The CPC flagged scores of specific contractual provisions that violate both the letter and spirit of the 16-month-old ordinance, and noted that the contract explicitly commits Seattle to treat its language as overriding in any other unanticipated future conflicts between the 2017 law and the 2018 collective bargaining agreement.
One of the reform’s tentpoles is a new system for adjudicating disputes over disciplinary actions. The chief’s discipline is effectively irrefutable under the law’s mandate that no appeal can result in modifications to the decisions the chief makes in a case. The new system also ends the secretive arbitration process governing police union appeals in Seattle — a common system in police departments, and often cited as the central obstacle to effectively punishing even the most egregious proven misconduct. All appeals hearings must be open to the public and conducted by the city’s Public Safety Civil Service Commission (PSCSC), which can only kick an appeal into arbitration under certain strict conditions.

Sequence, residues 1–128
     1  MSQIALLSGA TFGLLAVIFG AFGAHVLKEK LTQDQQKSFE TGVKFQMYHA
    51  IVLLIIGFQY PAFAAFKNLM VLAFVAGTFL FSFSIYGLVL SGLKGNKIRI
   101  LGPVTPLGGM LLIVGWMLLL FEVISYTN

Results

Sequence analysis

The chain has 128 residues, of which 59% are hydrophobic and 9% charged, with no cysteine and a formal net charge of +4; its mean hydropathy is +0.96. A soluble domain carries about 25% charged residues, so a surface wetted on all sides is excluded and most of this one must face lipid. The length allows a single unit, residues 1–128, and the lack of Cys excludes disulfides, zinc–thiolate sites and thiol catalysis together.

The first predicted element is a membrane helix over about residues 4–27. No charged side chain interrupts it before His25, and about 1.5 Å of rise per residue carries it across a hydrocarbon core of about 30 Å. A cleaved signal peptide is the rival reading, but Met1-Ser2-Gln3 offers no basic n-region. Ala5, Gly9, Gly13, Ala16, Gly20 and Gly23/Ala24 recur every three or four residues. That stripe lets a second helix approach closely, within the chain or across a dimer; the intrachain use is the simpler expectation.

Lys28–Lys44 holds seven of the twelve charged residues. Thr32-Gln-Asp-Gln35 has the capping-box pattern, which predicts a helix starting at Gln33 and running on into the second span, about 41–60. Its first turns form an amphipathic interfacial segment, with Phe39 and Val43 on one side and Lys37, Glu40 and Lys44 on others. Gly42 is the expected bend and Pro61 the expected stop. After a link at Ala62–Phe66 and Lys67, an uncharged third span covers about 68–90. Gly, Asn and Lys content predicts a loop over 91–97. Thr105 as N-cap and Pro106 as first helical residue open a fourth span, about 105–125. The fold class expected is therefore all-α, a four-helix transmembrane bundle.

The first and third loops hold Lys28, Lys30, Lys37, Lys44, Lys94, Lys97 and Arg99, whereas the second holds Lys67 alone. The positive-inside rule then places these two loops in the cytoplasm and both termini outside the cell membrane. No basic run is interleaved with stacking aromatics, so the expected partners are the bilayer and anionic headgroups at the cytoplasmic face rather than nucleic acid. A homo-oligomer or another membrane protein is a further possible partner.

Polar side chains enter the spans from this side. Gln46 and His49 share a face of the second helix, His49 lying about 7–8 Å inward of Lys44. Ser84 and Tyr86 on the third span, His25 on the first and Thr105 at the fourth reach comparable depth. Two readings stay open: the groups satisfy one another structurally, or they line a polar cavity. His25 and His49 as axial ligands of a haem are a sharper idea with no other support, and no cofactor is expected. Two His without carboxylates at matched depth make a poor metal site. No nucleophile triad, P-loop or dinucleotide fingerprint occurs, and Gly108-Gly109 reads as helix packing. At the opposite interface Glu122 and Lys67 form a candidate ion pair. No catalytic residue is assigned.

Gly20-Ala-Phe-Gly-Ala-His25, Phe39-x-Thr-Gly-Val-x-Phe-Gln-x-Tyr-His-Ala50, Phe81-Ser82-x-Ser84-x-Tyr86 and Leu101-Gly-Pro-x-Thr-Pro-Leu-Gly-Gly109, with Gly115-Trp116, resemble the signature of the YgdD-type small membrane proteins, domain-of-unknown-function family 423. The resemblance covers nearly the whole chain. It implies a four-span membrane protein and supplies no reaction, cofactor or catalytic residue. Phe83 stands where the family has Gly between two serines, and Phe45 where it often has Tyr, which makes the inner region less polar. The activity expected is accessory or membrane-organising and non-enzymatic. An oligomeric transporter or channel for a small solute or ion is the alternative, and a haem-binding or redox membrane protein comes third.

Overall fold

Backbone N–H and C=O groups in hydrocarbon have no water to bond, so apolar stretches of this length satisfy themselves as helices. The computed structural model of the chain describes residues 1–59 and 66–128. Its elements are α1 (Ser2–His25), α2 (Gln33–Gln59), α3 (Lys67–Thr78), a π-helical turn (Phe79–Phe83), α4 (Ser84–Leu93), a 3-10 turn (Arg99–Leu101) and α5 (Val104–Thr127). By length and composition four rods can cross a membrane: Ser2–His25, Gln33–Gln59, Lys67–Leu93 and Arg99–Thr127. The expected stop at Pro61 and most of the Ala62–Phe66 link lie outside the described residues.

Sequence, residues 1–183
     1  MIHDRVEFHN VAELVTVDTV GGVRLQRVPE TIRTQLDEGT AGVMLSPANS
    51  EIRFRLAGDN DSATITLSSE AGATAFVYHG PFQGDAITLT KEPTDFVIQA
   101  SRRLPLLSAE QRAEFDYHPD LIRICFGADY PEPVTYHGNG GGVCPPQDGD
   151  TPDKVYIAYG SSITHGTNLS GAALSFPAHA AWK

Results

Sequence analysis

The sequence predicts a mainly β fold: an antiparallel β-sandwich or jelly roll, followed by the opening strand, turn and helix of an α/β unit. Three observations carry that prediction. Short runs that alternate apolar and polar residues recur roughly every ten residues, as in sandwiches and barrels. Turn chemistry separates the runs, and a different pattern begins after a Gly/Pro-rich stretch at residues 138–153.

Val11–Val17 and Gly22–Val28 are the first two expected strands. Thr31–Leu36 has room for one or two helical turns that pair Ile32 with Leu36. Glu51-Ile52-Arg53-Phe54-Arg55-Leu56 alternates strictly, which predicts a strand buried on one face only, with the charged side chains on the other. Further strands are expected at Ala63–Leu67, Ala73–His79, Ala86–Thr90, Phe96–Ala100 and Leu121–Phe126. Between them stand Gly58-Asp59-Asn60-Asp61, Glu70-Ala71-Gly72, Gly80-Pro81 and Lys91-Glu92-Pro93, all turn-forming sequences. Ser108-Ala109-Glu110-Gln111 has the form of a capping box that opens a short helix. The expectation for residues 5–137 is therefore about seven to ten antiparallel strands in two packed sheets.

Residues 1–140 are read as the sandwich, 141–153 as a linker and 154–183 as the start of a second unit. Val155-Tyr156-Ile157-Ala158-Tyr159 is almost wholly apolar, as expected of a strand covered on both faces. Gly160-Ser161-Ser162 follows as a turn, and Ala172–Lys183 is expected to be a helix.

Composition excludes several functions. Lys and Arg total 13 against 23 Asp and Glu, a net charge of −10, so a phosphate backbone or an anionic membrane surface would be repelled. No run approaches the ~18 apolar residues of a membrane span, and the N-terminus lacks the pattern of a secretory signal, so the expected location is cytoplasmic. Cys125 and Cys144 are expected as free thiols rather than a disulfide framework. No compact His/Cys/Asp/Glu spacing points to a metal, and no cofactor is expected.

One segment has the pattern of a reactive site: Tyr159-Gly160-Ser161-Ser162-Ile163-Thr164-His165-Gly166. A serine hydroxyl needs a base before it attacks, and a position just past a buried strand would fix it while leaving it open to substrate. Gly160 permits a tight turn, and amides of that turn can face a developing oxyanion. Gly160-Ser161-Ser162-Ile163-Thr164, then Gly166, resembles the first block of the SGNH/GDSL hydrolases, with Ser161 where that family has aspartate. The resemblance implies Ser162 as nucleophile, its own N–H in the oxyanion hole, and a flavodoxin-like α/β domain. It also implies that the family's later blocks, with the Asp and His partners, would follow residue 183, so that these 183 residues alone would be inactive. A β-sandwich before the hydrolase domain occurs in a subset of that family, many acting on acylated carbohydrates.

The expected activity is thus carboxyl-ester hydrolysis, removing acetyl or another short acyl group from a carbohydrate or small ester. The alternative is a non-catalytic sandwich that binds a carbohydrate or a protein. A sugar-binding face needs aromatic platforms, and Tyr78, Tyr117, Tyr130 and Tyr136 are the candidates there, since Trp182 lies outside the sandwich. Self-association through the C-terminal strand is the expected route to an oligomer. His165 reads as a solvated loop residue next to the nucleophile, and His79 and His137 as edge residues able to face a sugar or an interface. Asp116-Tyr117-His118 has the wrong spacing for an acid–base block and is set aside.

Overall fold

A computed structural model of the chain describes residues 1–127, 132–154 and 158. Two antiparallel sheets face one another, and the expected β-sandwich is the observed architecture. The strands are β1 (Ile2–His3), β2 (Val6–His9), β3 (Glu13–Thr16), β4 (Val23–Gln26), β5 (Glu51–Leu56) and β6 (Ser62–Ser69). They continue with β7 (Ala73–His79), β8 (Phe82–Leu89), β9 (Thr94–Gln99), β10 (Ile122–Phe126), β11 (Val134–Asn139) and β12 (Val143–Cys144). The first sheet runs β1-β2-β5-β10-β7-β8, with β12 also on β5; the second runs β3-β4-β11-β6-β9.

Like every other component of the 2017 law, the new disciplinary review process stemmed from an extensive and collaborative effort to hammer out durable policy. The union is, in effect, responding by yelling “nuh-uh” and stomping off in the same old direction. The contract Durkan wants ratified restores the classic arbitration system and erases the open-meetings requirement for all such appeals.
“[H]aving these hearings open to the public is the bare bones of improvement, and with this, even that minor improvement has now been eliminated,” the CPC’s markup says.